‘Everything happens so fast in Fortnite that you don’t always know what’s going on when you’re watching someone else playing but when you’re playing yourself, you understand more about the end game and strategies.
At the height of her gaming, Mrs Fish played for 18 hours straight, only taking short breaks to make cups of tea and use the bathroom
‘Since I’ve been doing it, I have had lots of feedback from other parents who are starting to have a go at playing it.
‘I have quite a competitive side and enjoy the challenge of learning a new skill. It’s good fun.
‘The building element of the game is pretty cool, although I can’t do it and usually just hide or rotate to dead side, which means going to a part of the map where there are not many players.’
Fortnite involves 100 players being dropped onto an island, where they have to build defence forts, find weapons and kill one another until there is only one player standing.
Benjy, who began playing at 13 and was signed up at 15 by esports company NRG, has made more than £500,000 from gaming professionally after qualifying for international tournaments, including the Fortnite World Cup in 2019.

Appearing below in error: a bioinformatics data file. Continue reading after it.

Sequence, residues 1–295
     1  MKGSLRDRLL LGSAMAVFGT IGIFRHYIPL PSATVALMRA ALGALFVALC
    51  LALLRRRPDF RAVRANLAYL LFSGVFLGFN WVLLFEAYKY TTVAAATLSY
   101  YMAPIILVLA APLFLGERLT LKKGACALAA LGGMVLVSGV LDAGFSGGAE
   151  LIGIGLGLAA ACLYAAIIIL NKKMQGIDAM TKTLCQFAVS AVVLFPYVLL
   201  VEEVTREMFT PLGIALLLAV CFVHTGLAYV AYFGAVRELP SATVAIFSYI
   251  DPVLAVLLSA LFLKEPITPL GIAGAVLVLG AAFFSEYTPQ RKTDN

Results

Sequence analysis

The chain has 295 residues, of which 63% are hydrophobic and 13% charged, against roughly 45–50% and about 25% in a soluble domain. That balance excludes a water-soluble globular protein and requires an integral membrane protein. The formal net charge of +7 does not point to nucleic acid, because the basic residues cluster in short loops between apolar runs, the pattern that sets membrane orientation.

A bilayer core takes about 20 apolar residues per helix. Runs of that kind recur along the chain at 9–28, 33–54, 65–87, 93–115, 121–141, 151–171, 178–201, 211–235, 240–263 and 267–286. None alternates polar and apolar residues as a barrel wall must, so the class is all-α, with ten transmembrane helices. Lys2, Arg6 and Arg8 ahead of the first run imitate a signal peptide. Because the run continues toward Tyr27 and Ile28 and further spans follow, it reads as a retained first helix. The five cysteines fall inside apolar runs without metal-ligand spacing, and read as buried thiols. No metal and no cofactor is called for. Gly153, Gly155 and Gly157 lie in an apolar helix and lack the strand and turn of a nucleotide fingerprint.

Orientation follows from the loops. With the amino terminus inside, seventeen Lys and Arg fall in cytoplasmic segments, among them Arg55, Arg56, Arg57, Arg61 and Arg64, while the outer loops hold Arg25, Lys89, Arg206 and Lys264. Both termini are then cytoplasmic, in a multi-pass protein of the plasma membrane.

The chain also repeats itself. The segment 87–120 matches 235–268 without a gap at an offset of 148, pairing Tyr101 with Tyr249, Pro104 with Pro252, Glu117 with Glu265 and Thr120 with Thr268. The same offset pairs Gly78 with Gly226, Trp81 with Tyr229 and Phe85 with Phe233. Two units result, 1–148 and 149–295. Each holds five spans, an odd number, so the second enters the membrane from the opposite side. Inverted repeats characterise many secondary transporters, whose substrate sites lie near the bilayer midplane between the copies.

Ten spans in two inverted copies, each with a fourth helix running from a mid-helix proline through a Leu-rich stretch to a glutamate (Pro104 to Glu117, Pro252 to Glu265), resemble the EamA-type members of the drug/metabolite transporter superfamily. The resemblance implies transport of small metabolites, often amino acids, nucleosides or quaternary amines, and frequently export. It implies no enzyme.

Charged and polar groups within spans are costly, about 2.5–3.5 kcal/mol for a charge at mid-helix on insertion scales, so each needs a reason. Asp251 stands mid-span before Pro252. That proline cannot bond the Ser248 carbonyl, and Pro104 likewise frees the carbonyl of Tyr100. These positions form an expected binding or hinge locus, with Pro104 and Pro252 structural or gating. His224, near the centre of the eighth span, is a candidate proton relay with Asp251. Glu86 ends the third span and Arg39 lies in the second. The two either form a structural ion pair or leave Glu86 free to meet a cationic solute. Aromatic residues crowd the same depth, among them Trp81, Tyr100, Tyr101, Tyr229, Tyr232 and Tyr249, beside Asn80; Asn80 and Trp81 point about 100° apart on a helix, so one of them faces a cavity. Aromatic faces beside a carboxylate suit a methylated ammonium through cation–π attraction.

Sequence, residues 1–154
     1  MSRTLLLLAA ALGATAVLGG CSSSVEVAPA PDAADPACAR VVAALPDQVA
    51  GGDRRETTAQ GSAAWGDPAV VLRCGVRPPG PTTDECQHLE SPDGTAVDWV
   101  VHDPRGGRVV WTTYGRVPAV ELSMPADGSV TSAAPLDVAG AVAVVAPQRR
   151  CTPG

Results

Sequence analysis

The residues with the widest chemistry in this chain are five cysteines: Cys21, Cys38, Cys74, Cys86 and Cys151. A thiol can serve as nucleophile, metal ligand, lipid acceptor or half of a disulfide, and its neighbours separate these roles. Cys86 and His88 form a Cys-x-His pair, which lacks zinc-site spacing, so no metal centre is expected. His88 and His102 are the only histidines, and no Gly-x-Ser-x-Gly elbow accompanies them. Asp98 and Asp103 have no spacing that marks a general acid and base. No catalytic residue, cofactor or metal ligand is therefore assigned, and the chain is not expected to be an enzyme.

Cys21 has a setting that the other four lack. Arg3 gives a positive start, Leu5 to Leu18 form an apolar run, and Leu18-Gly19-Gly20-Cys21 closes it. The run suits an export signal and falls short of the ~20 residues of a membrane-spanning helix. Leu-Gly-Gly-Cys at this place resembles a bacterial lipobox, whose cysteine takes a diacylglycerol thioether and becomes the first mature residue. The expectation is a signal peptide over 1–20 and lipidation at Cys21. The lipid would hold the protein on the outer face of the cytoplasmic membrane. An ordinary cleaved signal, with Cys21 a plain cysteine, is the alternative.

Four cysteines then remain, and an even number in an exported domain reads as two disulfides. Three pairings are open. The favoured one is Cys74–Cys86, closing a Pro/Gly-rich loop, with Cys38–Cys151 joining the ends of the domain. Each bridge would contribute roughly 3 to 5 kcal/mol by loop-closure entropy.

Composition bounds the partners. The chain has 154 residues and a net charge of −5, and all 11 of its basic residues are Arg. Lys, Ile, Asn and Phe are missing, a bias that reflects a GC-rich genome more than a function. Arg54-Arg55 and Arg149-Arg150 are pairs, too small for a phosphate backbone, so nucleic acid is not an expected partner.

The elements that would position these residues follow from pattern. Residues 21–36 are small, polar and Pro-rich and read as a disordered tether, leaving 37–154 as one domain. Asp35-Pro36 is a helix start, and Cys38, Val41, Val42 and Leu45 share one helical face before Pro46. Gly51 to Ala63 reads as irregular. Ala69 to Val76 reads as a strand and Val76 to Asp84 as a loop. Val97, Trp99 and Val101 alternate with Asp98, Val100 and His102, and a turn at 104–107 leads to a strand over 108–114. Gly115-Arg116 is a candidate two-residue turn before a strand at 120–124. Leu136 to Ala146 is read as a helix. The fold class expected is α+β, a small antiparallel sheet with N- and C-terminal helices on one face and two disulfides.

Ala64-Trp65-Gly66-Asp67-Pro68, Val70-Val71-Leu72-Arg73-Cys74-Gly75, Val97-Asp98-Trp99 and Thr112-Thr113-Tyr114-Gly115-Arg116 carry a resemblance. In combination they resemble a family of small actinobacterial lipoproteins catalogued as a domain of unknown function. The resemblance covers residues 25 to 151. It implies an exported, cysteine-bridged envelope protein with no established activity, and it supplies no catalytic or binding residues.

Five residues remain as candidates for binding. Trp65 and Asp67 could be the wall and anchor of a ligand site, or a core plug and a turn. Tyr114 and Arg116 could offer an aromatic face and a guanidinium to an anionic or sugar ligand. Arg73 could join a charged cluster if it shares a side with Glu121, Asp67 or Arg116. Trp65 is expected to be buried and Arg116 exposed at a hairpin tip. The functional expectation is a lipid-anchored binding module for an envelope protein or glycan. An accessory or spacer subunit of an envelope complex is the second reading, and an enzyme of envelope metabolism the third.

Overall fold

While his mother is a long way from matching his earning power, their fortunes are a marked contrast to Benjy’s early years, when he and his family were made homeless after his father David died of esophageal cancer at the age of 57. Benjy was just eight months old at the time.
Mrs Fish, widowed at the age of 42, could not afford their rent and had to rely on handouts from her parents.
While she is still living in a rented home – Benjy is still too young for a mortgage and most of their earnings are tied up in the family business – Mrs Fish said Benjy’s father would have been ‘exceptionally proud’ of what they had achieved.
She said: ‘I have always been focused on work and bringing up the children. It has been really nice to do something completely different. I have had the most fun I’ve ever had.’
Mrs Fish bought a secondhand laptop for her son Charles, now 24 and a jazz guitarist, when he was eight years old.
While Charles only dabbled in online gaming and soon lost interest, Benjy became hooked from the age of eight, playing games such as League of Legends and Rocket League.